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Host Ali Oshinskie loves school. But in her sophomore year, she took a lecture hall class that changed everything: the distance between the professor and the students made her wonder, do these people even care? Since then, she’s found professors who’ve changed the learning experience and she’s taking us on a tour of the people who’ve become more than someone who assigns a grade. This is Professors Are People Too.

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Music (from SoundofPicture.com)

  • Podington Bear – Boop
  • Podington Bear – Dry Air
  • Podington Bear – Dowl

Transcript

[MUSIC IN]

ALI OSHINSKIE, HOST: On the first day of my sophomore year of college, I walked across campus toward my first ever lecture hall class. I didn’t smell the crunchy Fall air or feel the quick and low rush of breeze that signaled the beginning of the school year. But I wish I did.

Don’t get me wrong, I love summer, I would never wish for its speedy demise or summon the First Day of School any sooner. But now that I was here, moved-in and books purchased, I couldn’t wait for the academic rush to return. I’m a question-asker, I’m curious and frankly, I kinda love school. I’m that annoying girl who first name might as well be “Any Questions?”

So I was excited to learn about what gray matter was and what all my subconscious desires were in Psych 1000 that fall.

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OSHINSKIE: But that morning, as I pulled back the heavy door of Laurel 101, a lecture hall, capacity 200, rose up in front of me

[MUSIC IN]

OSHINSKIE: and put me face to face with my biggest academic fear: getting lost in a sea of students. I sank into a chair. Even from the front row, the distance between myself in the professor stretched miles. Emails and office hours couldn’t bridge the gap that semester. After the third week, this distance was the place where I would I stop caring about what the hypothalamus was; after the sixth week, what might be on the midterm and by the end of the semester, my education. And if this distance didn’t work for me, how could it work for the students in the last row? I turned to my friends for advice, they said it was my fault, I shouldn’t have chosen that professor. Not only did this course leave a divot in my GPA, it reminded me that I was small on campus and maybe even small in the classroom. I thought about what my friends said. What did the professor matter? The curriculum was the same, the textbooks were the same, so how could two sections of the one class be that different?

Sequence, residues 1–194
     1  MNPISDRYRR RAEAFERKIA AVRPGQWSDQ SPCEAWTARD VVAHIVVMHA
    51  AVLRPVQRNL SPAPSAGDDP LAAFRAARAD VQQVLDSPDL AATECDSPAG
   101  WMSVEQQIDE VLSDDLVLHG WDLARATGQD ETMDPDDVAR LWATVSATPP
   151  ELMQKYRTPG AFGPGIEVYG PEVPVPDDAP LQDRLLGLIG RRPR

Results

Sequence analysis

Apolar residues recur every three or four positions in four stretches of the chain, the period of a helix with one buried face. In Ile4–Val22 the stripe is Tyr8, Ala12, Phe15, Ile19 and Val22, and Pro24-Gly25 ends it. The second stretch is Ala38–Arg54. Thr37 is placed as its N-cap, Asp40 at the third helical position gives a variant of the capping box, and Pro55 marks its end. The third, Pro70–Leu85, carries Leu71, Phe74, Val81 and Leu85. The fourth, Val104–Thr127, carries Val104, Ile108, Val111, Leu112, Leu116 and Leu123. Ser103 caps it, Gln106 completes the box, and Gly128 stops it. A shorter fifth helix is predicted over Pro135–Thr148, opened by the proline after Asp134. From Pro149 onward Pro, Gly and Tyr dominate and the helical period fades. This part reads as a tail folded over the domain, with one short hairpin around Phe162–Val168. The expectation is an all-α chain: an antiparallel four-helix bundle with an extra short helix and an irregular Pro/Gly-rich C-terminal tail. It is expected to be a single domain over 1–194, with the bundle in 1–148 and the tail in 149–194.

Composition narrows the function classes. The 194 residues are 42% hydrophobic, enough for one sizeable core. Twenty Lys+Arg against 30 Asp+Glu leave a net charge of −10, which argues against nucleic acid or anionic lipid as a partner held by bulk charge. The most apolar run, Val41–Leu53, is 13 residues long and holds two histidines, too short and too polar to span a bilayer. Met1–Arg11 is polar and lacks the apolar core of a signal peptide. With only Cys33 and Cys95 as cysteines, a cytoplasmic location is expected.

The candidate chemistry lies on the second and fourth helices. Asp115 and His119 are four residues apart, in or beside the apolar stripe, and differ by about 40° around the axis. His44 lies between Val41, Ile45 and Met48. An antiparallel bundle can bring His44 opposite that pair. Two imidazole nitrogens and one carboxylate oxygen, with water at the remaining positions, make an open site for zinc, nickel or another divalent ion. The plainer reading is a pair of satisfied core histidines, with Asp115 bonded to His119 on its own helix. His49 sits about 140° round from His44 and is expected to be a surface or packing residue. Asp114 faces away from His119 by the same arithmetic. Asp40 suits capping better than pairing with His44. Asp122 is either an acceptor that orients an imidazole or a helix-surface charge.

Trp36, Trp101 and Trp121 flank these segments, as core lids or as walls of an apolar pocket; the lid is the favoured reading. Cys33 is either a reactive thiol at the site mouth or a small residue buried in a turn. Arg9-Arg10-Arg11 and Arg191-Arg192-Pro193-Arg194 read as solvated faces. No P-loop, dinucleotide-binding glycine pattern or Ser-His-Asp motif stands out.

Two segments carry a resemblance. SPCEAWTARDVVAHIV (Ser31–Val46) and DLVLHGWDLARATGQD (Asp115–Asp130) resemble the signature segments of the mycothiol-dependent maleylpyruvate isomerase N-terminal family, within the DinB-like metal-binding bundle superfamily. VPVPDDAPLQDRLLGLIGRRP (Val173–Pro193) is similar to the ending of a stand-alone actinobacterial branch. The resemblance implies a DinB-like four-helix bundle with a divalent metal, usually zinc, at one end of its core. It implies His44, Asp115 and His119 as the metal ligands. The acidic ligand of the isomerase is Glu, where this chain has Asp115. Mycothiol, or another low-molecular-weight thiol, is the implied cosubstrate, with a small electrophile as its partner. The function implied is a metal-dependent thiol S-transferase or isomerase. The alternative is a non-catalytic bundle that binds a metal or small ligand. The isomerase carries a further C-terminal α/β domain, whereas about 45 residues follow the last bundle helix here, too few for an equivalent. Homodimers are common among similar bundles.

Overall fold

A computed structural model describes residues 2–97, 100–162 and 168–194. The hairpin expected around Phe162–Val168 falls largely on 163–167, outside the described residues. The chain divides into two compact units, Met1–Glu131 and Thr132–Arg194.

[MUSIC OUT]

OSHINSKIE: Could a professor really change the learning experience?

[MUSIC IN]

OSHINSKIE: This is a show about coming back from that place, it’s about finding by sheer academic luck brilliant, inspirational professors whose best lesson was not analyzing poetry but reminding their students, reminding me that being at UConn didn’t make me one of 18,000 students: it made me one of their students. Join me this semester as I interview some of my favorite professors. Through office hours and cups of coffee, personal stories, and professional flaws, I’ll take you on a tour of the professors of the English department to find the person behind the Ph.D.  I’m Ali Oshinskie and this is

PROFESSOR DWIGHT CODR: Professor

PROFESSOR SEAN FORBES: Professor

PROFESSOR GINA BARRECA: Professor

OSHINSKIE: Professors are People Too

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